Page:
What determines CEO pay? Researchers typically answer this question by building models and testing their predictions with data. We’ve learned a substantial amount from this research—some of which has won Nobel prizes.
But these methods have limitations. Just like a flight or city simulator, a model needs to make assumptions—but how close are they to the real world? And the problem with data is that many key variables, such as a CEO’s intrinsic motivation, are hard to measure.
In a new paper, CEO Compensation: Evidence from the Field, we take a different approach—we survey over 200 UK directors and over 150 investors on how they design pay. The problem with any survey, particularly on a controversial topic like CEO pay, is that responses may not be truthful. So we used established academic techniques and extensive beta-testing to minimise this risk.
I teamed up with Tom Gosling, an LBS executive fellow and former head of PwC’s executive pay practice, and Dirk Jenter, a finance professor at LSE, to ensure the survey was both academically rigorous and practically relevant.
We first asked about respondents’ goals when setting CEO pay. The responses showed that 65% of directors view attracting the right CEO as most important, while 34% prioritise designing a structure that motivates the CEO. For investors, these figures are 44% and 51%.
This reflects a theme that recurs throughout our CEO pay survey: directors view the CEO labour market as much tighter than investors; shareholders wish to offer the “ideal” contract but directors are concerned it would drive some CEOs away. Only 1% of directors and 5% of investors prioritise keeping the level of pay down. CEO pay is a small percentage of firm value, while hiring a subpar CEO or providing suboptimal incentives has potentially large effects.
A total of 67% of directors admit that they would sacrifice shareholder value to avoid controversy on CEO pay. Surprisingly, the main source of controversy is investors (not employees or the public), even though investor support should be automatic if boards are setting pay optimally.
Instead, directors believe that shareholder guidelines, paradoxically, harm shareholder value. As one wrote, “shareholders appoint RemCos and then often seek to micromanage their duties.” A total of 77% report that investor pressure has forced them to offer less pay than they thought was optimal.
This disagreement could arise either because directors underestimate their ability to lower pay, or investors overestimate it. To disentangle these interpretations, we ask the 77% of directors who were forced to offer lower pay about the consequences. While 7% report that the CEO left, and 13% that they hired a less expensive CEO, 41% admit that there were no adverse effects—so they underestimated their ability to lower pay. However, 42% reported that the CEO was less motivated.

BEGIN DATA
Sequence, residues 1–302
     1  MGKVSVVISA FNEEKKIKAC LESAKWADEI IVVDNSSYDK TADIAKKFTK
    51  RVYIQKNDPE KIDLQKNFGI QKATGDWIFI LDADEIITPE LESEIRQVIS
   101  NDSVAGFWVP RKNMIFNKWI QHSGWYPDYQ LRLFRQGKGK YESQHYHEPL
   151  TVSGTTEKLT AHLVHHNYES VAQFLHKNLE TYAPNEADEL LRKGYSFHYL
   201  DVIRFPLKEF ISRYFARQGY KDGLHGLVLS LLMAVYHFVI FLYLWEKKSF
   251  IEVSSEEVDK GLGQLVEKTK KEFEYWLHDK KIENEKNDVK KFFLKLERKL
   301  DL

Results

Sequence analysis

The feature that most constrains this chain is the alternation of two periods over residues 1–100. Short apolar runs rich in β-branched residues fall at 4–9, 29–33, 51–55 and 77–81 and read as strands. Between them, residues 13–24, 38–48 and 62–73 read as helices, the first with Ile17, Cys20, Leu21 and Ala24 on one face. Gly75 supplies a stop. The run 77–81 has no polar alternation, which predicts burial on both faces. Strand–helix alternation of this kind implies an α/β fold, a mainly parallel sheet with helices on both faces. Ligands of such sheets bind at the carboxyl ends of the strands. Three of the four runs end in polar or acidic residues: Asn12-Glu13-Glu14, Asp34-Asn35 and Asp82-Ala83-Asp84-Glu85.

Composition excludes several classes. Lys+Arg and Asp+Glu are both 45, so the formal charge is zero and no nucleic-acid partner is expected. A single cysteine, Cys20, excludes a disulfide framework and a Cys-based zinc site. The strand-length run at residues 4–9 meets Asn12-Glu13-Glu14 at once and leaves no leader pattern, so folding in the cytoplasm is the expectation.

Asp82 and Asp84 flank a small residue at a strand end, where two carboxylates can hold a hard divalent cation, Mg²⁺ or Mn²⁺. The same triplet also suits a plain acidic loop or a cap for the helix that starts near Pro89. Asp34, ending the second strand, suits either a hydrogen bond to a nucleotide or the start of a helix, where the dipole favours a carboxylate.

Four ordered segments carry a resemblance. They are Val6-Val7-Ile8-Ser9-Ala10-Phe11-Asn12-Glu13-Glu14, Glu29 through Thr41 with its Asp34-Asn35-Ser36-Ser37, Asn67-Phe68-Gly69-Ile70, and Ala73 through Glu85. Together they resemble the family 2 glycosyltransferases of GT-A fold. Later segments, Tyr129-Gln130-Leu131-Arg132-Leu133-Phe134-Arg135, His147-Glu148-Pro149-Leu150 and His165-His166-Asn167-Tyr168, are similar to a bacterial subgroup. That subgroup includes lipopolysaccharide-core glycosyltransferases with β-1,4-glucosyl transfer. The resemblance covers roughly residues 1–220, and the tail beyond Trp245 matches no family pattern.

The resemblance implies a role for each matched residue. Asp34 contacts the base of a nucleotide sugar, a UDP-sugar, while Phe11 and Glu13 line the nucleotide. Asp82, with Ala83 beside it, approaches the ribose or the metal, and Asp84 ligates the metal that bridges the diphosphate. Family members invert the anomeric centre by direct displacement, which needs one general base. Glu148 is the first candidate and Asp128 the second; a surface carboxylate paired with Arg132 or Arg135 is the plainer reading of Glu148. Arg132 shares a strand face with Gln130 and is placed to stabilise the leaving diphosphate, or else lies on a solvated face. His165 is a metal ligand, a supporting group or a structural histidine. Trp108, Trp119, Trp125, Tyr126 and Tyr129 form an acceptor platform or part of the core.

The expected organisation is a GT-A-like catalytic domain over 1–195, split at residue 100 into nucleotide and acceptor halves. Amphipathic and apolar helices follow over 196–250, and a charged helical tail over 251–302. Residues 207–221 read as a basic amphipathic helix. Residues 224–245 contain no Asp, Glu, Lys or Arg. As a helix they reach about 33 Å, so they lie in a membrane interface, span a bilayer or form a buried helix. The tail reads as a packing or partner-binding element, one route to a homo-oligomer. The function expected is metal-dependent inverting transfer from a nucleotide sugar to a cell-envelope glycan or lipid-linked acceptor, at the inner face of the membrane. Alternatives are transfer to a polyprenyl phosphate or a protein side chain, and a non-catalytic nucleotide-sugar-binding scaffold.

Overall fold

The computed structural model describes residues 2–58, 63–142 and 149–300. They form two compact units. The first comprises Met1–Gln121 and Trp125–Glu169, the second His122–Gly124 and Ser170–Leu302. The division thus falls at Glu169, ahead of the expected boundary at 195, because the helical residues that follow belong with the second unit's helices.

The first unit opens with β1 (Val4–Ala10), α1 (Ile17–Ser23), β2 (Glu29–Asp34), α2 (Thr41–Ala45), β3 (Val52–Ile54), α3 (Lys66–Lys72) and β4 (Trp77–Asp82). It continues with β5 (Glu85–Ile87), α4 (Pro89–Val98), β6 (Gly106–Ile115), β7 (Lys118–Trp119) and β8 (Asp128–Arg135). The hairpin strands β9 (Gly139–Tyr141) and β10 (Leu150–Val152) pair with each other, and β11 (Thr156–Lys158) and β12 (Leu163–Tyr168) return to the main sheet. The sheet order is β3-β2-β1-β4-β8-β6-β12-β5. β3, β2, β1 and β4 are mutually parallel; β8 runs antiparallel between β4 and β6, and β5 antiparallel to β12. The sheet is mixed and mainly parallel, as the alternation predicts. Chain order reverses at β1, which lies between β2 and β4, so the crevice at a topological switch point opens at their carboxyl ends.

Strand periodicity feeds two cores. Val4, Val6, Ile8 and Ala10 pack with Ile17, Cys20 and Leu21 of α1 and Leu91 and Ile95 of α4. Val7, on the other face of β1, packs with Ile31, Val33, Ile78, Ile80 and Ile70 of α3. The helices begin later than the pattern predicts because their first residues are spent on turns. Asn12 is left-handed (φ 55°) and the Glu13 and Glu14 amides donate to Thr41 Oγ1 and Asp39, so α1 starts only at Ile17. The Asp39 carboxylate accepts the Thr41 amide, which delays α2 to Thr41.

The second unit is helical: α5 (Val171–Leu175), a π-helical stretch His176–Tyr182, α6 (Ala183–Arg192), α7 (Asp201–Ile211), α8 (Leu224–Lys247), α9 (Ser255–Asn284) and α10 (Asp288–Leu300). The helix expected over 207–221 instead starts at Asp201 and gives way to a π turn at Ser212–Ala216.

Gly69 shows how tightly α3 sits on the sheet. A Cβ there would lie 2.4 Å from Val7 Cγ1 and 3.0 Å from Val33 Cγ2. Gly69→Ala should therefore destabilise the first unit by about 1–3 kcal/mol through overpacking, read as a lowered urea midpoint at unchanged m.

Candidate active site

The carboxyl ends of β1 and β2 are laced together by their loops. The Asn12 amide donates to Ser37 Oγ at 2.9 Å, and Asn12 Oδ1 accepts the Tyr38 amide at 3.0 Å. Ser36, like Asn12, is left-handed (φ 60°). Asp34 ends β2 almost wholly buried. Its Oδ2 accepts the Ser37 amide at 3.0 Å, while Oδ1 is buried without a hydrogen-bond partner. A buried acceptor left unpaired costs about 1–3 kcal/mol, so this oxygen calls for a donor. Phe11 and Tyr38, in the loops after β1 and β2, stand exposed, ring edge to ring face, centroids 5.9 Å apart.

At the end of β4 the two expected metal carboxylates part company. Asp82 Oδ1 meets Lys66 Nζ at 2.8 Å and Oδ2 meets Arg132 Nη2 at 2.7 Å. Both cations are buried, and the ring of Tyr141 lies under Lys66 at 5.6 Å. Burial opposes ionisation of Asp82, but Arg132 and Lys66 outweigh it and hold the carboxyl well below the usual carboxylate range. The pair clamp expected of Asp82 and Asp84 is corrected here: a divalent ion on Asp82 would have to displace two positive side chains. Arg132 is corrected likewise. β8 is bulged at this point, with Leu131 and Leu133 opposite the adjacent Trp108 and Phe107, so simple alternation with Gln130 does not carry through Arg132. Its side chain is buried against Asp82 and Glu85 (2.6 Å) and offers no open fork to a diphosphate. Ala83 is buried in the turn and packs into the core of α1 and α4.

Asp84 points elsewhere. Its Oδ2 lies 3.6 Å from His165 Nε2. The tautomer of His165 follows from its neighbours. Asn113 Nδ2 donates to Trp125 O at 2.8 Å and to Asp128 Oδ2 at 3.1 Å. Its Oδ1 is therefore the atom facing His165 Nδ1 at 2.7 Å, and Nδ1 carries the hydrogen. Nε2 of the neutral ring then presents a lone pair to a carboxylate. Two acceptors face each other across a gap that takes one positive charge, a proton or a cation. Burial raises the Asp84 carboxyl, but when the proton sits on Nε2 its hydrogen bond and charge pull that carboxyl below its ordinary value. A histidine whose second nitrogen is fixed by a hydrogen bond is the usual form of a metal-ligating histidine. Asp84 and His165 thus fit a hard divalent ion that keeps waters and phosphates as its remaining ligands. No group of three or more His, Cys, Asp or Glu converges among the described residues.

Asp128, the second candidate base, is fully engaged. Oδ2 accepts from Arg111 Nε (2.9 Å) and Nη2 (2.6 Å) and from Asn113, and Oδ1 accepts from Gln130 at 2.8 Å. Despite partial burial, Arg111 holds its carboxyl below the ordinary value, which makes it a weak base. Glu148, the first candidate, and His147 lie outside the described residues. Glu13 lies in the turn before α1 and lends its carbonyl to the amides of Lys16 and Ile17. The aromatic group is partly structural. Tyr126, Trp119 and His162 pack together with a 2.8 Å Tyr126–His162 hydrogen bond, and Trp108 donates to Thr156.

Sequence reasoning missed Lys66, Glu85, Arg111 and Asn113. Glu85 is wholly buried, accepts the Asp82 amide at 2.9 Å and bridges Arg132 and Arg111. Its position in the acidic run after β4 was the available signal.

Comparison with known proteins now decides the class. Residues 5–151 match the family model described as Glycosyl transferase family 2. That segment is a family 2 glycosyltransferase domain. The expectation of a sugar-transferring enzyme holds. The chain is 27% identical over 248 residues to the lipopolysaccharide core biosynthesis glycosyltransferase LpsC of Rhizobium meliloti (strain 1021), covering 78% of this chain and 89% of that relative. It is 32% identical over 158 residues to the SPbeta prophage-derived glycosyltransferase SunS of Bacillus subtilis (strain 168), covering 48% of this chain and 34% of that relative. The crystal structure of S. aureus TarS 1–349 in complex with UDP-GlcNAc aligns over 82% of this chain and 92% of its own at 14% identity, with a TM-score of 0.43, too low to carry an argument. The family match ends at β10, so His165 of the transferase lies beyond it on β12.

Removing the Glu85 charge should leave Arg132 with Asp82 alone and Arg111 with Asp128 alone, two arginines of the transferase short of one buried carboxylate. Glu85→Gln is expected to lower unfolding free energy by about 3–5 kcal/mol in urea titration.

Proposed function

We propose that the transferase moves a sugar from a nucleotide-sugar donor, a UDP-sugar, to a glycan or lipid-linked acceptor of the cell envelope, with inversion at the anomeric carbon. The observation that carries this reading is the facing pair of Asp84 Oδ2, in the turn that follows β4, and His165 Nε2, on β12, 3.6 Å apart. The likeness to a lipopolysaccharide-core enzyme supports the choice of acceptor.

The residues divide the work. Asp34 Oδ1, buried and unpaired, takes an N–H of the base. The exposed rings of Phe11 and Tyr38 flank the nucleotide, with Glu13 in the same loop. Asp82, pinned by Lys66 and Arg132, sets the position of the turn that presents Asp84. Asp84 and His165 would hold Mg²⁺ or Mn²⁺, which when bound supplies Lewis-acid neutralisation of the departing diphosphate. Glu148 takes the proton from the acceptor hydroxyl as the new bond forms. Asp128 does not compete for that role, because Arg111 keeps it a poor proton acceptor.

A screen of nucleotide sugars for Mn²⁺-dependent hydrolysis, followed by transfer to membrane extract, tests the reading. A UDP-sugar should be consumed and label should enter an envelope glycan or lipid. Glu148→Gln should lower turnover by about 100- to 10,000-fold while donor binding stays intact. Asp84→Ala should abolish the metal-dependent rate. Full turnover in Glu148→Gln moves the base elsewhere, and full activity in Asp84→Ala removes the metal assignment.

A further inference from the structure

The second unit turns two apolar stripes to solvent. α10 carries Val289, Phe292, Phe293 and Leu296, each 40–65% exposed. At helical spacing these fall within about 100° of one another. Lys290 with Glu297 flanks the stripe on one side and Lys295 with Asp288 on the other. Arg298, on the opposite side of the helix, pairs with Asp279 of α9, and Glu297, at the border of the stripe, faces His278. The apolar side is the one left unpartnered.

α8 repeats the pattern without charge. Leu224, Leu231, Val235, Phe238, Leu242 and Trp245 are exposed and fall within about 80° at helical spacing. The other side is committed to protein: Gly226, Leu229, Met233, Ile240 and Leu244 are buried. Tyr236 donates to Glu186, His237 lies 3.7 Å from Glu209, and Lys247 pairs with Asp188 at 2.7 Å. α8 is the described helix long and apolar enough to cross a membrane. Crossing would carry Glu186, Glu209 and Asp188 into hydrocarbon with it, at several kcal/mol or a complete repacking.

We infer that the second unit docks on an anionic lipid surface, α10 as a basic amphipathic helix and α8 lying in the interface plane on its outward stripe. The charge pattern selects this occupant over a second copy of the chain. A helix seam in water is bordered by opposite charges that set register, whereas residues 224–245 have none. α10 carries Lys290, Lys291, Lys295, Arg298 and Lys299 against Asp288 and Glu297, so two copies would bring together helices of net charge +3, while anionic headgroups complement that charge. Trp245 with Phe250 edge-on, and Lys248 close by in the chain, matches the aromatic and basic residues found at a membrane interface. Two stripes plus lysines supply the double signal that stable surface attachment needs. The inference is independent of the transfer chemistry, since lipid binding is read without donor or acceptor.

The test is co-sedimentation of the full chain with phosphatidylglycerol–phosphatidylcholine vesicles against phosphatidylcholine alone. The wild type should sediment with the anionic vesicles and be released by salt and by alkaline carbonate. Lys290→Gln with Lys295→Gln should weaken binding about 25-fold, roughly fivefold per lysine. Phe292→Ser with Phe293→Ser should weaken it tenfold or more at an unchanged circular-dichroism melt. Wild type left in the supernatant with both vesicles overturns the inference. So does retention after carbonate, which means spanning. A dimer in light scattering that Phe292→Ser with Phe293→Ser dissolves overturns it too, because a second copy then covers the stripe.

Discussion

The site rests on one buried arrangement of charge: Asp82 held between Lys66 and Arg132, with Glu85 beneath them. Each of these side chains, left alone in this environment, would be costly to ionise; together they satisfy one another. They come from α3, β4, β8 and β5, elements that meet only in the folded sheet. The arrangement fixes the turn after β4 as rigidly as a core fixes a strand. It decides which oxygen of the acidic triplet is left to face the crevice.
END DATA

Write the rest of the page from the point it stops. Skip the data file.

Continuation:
This result is interesting, because we typically view incentives as arising from how pay varies with performance rather than the level of pay. These results are instead consistent with a “fairness” model. CEOs are driven by intrinsic motivation, rather than because they need money to finance consumption. But if pay falls below what the CEO views as fair, her intrinsic motivation may be eroded.
The importance of fairness comes up in our second set of questions, on the role of financial incentives in motivating CEOs. Both boards and shareholders believe they are relevant but secondary compared to intrinsic motivation.
However, financial incentives still matter, because they reinforce intrinsic motivation—in contrast to common claims that they crowd it out. CEOs believe it is fair to be rewarded for good performance; perceived unfairness would erode their intrinsic motivation. As one director stressed, “the retrospective acknowledgement of exceptional performance is important.”
Our third set of results concerns the level of pay. They showed 77% of investors view CEO pay as too high, and only 32% thought there would be adverse consequences if pay were cut by one-third.
Many claimed that any CEO who leaves is probably not the right person to begin with. Directors strongly disagreed, suggesting such a cut would demotivate even an intrinsically motivated CEO. However, they were more open to market-wide pay cuts, suggesting that Covid might be an opportunity to reset the level of CEO pay. Boards and investors might wish to take this opportunity and ensure that pay does not bounce back after the pandemic is over.
Long term vs short term
While our survey identified many differences of opinion, it also highlighted more consensus on some aspects than otherwise thought. Many directors were opposed to making incentives more long term, arguing that investors are focused on short-term returns—but 77% of investors supported such a move.
Directors claimed that investor guidelines force them into more one-size-fits-all pay structures, but investors reported that they would like more tailoring. There is support from both investors and some directors for paying the CEO like a long-term owner, with restricted shares rather than bonuses and LTIPs.
Pay disputes often focus on the contract itself. Our survey highlights the underlying differences of opinion that may be the root cause of disagreements on pay packages—and also areas of agreement. We hope that our results will help boards and investors understand the “other side”, thus paving the way for more fruitful dialogues on executive pay.
Alex Edmans is professor of finance at London Business School and author of Grow the Pie: How Great Companies Deliver Both Purpose and Profit.